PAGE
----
That's a good way to describe this weekend, Abyssinian Casbah. I love Ethiopia, the Ethiopian People, the intricate and complicated capital. Many contrasts.
My 24-hour airport-to-airport, Dulles to Bole, excursion left me tapped, but I wanted to synch with East Africa Time, so I took a five-mile walk through central Addis Saturday afternoon. Hot dry dusty diesel fumes, the poor and desolate in every crevice. A man missing his legs. A beautiful infant, about ten months, in her mother's arms, raised to my face. A grandmother folded, parched on the sidewalk, moaning. My self-appointed tour guide, a very smart guy who started as a shoeshine boy by the UN compound and now works as a dishwasher at my hotel for $5 US per month. Ethiopian Birr notes and coins slip from my pockets, given as slim fodder. Billionaire Prime Minister Meles Zenawi’s palace, the opulent Sheraton, and fenced-off enclaves sit opposite tin hovels and open sewers.
Saturday night I reconnect with Mesay, a friend from my 2007 trip and his girlfriend, Ida. I give them photographs and Obama shirts. (East Africans are passionate Obama fans; several Addis restaurants are named “Obama Cafe” or “Obama Coffeehouse.”) We go to an old favorite for supper, Yod Abyssinia, spicy food, tibs and wat in a large pan of injera, live music and hyper-energetic tribal dancing. The crowd joins in, some jumping on stage. A wedding descends on the Yod, about forty people holding sparklers and flaming punks. Singers ululate. It’s wild. Many beautiful Africans, ferenge (tourists) jaws agape holding cameras.
Sunday I wake about 7 AM and meet Dr. Alemayehu, his wife Wolansa and eight-year-old son Eyasu (Joshua) at 9:30 AM. We have coffee and go to Gospel Light Ministries church for 11 AM service. Then we lunch into the afternoon.
Alemayehu and Wolansa met while graduate students in the Ukraine, Alemayehu studied medicine and Wolansa economics. Dr. A. worked for several clinics and hospitals, where he performed a range of practice, including internal medicine, pediatrics, and obstetrics. Among his most intensive education was serving as a military doctor near the front in Asmara, Eritrea, when the Ethiopians were at war. In 2006, he established LeAlem -- “Serving All” –- a private clinic in Addis. The Health Ministry designates LeAlem a “higher clinic,” a level below hospital.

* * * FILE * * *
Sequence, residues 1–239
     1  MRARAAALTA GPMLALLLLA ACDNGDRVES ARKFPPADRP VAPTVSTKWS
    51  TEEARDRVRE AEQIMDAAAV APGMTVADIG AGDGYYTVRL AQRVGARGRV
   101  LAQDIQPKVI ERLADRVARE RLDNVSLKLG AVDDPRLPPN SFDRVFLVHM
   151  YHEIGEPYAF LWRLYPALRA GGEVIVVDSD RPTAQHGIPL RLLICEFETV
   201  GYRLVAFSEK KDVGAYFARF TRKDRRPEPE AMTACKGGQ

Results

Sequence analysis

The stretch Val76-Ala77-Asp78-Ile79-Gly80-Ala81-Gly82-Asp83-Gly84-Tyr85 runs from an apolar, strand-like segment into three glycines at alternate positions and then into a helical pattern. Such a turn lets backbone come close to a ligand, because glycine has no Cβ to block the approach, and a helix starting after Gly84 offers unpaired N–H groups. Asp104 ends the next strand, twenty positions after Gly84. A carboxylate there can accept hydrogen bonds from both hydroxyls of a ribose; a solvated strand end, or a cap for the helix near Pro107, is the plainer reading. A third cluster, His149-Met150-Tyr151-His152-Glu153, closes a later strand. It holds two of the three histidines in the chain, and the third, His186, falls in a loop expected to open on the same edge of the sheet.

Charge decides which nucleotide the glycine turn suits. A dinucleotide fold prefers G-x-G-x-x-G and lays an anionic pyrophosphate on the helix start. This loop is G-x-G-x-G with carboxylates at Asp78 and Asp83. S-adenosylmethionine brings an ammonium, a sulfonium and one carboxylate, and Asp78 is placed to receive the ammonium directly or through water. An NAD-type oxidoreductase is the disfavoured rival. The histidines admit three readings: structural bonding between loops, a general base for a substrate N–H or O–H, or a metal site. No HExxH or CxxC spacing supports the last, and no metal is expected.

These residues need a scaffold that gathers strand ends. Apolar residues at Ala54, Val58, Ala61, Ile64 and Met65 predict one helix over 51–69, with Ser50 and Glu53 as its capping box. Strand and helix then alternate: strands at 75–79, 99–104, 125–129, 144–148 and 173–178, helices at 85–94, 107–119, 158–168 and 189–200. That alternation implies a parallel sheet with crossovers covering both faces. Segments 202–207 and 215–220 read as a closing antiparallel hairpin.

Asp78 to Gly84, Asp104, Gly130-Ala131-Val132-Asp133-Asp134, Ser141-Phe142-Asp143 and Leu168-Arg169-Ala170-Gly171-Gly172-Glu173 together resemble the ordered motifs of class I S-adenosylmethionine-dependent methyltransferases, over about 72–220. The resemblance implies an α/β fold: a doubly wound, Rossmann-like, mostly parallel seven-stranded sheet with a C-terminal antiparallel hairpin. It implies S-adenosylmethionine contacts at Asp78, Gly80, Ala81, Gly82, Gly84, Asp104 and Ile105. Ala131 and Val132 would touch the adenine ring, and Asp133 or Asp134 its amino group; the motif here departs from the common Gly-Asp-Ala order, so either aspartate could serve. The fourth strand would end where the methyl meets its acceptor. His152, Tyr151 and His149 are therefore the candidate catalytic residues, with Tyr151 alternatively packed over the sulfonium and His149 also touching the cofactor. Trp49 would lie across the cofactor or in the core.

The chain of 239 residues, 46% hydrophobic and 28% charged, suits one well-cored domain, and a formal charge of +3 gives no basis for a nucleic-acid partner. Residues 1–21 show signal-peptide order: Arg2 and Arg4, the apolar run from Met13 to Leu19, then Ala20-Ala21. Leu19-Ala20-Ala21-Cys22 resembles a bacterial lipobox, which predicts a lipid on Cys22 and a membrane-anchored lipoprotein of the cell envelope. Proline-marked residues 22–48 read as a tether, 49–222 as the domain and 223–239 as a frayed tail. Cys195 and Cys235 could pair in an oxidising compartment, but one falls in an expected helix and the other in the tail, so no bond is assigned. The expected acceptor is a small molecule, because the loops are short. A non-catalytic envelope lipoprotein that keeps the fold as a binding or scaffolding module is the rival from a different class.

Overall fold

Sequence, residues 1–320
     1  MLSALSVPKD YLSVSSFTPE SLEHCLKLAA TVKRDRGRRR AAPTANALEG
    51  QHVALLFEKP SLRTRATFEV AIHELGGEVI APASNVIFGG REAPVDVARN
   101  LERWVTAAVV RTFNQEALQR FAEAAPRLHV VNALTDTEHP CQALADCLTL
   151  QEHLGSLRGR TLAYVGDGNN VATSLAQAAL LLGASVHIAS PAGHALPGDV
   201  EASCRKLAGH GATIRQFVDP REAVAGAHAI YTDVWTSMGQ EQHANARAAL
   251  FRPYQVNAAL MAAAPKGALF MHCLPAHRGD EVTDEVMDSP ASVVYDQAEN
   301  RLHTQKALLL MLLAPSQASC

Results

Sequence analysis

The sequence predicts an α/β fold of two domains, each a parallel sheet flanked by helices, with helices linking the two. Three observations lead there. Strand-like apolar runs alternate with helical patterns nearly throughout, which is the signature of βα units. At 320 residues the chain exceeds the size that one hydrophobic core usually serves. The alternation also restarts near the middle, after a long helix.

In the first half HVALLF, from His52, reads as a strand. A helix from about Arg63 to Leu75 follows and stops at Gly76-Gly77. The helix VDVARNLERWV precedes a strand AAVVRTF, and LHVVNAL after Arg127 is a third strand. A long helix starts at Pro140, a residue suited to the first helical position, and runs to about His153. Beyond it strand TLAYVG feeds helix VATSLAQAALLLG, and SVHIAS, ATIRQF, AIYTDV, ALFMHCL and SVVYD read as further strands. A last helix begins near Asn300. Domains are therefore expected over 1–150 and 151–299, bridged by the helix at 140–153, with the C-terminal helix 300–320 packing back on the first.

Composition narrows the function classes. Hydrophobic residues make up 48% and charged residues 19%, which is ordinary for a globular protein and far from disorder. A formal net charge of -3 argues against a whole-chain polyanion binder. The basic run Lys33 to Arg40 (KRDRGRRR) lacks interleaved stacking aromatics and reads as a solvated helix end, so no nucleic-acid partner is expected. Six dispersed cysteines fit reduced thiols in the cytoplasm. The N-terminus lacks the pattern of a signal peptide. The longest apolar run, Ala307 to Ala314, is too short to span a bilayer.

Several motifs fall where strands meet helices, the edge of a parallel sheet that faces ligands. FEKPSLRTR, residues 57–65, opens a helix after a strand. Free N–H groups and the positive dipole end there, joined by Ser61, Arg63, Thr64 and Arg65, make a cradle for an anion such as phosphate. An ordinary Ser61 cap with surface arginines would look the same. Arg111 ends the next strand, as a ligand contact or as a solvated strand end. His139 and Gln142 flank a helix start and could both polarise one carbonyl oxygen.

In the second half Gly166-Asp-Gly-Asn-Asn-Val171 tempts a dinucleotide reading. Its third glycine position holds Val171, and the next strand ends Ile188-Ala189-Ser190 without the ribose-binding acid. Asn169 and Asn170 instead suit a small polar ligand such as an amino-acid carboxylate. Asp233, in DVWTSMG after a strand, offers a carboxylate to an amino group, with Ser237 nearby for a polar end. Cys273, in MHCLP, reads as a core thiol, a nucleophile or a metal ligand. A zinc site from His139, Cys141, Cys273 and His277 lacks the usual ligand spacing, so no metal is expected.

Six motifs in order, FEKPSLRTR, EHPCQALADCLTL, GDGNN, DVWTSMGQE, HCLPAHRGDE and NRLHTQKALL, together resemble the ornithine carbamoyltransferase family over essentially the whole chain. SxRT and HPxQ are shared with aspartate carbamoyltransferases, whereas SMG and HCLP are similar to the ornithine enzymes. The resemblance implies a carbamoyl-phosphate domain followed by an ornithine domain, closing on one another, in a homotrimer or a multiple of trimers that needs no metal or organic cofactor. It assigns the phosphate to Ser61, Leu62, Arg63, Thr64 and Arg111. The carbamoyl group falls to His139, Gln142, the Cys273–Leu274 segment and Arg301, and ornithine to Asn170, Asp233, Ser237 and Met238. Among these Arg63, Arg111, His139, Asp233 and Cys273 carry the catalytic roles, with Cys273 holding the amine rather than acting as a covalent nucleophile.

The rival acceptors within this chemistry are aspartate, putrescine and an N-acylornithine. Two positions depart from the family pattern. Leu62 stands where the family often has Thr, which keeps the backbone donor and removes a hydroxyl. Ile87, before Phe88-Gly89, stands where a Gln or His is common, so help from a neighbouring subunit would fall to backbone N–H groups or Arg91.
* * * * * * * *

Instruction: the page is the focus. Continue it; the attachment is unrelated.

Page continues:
Though our time was informal, our personal interests and EHN vision seemed congruent. Alemayehu described his grueling work schedule, as well as his success compared to other practitioners. Tonight we will have a more business-oriented supper meeting, reviewing the site visit plan, framing questions and anticipated interviews. Tomorrow, Monday, I begin observation and case study development at LeAlem.
Returning to the Casbah theme, Gospel Light service was stunning and joyous. The first hour was gospel music and dancing, with ululation and celebration among several thousand congregants. (Like a few other non-Ethiopians in attendance, I had simultaneous Amharic-to-English translation via radio earphone.) The music was followed by devotions and a sermon of about an hour. I saw and embraced several officers and parishioners I met during the 2007 trip. Remarkably, the young man stricken by juvenile onset polio whose picture I took in 2007 (below) stood in the pew immediately in front of me. The Casbah has almost become familiar.
“Mega churches” in the United States make me anxious, but those in Africa do not. The need for hope, spiritual relief and popular representation is severe in Africa. There, churches are transformative social and charitable engines, for example, helping end Apartheid and supporting AIDS orphans. Gospel Light is a partner with EHN, along with other churches, mosques and Addis Ababa social service organizations. They work together to qualify needful patients and provide treatments that result in improved health and ability to maintain families and attend school.
Details to come.
LeAlem 2010 Picture Library